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Minimal Tension angle

  1. Jan 11, 2015 #1
    1. The problem statement, all variables and given/known data
    Body of mass m is being pulled by a string so that it moves horizontally at constant speed.
    Friction coefficient between surface and body is u.Find an angle (alpha) between a string and horizontal surface for which tension in string is minimal and find that tension.

    2. Relevant equations
    weight w=mg ; n=normal force
    friction force=f=un
    acceleration due x-axis=0
    tension T

    3. The attempt at a solution
    [tex]
    \sum F_y=Tsin(\alpha)+n+(-w)=0; \\
    T=\frac{(mg-n)}{sin(\alpha)} \\
    \sum F_x=Tcos(\alpha)+(-f)=0 \\
    \sum F_x=Tcos(\alpha)+(-un)=0; \: Tcos\alpha=un ; \\
    T=\frac{umg}{cos\alpha} \\
    \frac{(mg-n)}{sin(\alpha)}=\frac{umg}{cos\alpha} \\
    tan\alpha=\frac{mg-n}{umg}
    [/tex]

    Now I'm not sure what to do next.I need to find minimal angle so derivative of the last expression should be zero_Or should I differentiate arctan?I'm confused.
     
  2. jcsd
  3. Jan 12, 2015 #2

    rude man

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    Homework Helper
    Gold Member

    I can't follow what you wrote. What are f and n?

    You might consider: express Fx as a function of Fy and constants where T2 = Fx2 + Fy2.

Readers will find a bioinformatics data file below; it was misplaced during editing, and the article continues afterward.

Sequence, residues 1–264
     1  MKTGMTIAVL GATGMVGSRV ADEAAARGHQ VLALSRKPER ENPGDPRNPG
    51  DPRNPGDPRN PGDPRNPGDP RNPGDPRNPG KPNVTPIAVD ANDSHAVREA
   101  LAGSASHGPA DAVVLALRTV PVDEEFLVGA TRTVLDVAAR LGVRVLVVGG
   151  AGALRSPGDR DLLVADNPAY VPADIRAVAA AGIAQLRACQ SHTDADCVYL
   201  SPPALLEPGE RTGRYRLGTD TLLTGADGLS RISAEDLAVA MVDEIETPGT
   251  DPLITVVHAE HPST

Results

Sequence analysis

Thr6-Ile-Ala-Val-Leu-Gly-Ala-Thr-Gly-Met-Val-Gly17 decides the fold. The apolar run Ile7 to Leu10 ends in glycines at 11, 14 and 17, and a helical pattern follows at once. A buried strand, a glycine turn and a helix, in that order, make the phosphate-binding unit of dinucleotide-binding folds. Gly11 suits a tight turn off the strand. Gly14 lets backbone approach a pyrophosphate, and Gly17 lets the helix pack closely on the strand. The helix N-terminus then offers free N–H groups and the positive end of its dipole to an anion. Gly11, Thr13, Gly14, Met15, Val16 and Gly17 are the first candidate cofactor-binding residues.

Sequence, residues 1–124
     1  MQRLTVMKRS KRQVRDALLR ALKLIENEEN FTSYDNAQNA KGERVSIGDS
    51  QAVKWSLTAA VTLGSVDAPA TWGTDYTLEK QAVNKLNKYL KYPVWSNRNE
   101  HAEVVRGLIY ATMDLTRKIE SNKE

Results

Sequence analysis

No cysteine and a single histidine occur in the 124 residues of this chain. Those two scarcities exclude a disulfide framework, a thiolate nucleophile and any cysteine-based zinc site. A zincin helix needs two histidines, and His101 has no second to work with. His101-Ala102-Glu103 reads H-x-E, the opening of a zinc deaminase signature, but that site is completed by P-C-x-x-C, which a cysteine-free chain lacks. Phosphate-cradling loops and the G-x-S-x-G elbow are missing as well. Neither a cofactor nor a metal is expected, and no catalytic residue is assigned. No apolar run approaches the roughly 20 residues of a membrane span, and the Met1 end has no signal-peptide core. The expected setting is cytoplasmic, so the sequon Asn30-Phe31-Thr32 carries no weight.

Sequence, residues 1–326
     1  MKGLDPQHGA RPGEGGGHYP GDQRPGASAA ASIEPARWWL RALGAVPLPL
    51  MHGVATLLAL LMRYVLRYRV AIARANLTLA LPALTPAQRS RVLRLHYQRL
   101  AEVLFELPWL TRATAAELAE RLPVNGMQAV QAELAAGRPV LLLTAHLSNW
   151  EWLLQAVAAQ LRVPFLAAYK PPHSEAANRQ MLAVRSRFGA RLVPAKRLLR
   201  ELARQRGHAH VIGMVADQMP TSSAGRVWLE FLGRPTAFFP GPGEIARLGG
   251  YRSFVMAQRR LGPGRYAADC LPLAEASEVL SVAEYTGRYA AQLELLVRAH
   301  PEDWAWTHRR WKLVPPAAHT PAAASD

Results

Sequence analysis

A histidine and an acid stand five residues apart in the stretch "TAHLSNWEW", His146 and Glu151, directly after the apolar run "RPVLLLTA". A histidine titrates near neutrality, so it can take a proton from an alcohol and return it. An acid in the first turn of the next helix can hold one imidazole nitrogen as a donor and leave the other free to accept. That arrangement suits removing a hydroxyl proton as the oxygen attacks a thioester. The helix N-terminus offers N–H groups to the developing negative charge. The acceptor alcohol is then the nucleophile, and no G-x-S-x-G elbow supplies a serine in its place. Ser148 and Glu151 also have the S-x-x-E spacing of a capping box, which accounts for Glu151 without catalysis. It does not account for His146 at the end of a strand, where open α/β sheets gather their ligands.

Then, express Fx and Fy as functions of constants and θ.
    Then find minimum of T in the usual way.
    Warning: the math is a bit messy but the answer is beautifully simple.
     
  4. Jan 12, 2015 #3

    mfb

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    2016 Award

    Staff: Mentor

    Don't cancel the tension if you are interested in it. You are not interested in the normal force, so you can get rid of this, that gives you an expression with tension and angle in it.
     
  5. Jan 13, 2015 #4
    @rude man , Note what i wrote under 2. : f - friction force, n - normal force
    @mfb I'm not sure how to connect these

    T=umg/cosα
    T=(mg-n)/sinα

    If i just differentiate T=umgcosx, I get nonsensical angle
    [tex]
    T'=-\frac{umg}{cos^2(\alpha)}
    [/tex]

    So this to be minimum(zero) , angle should be 90 degrees which makes no sense
     
  6. Jan 13, 2015 #5

    mfb

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    Staff: Mentor

    The normal force is not mg, you have to consider this for the horizontal part (you did that correctly for the vertical part).

    You have two equations with three unknown parameters - tension, angle, and normal force. This does not have a unique solution. To find the angle of minimal tension, it would be nice to have an equation that depends on tension and angle only (there you can follow the standard approach with the derivative), but not on the unknown normal force any more. You can solve one equation for the normal force and plug it into the other to get that.
     
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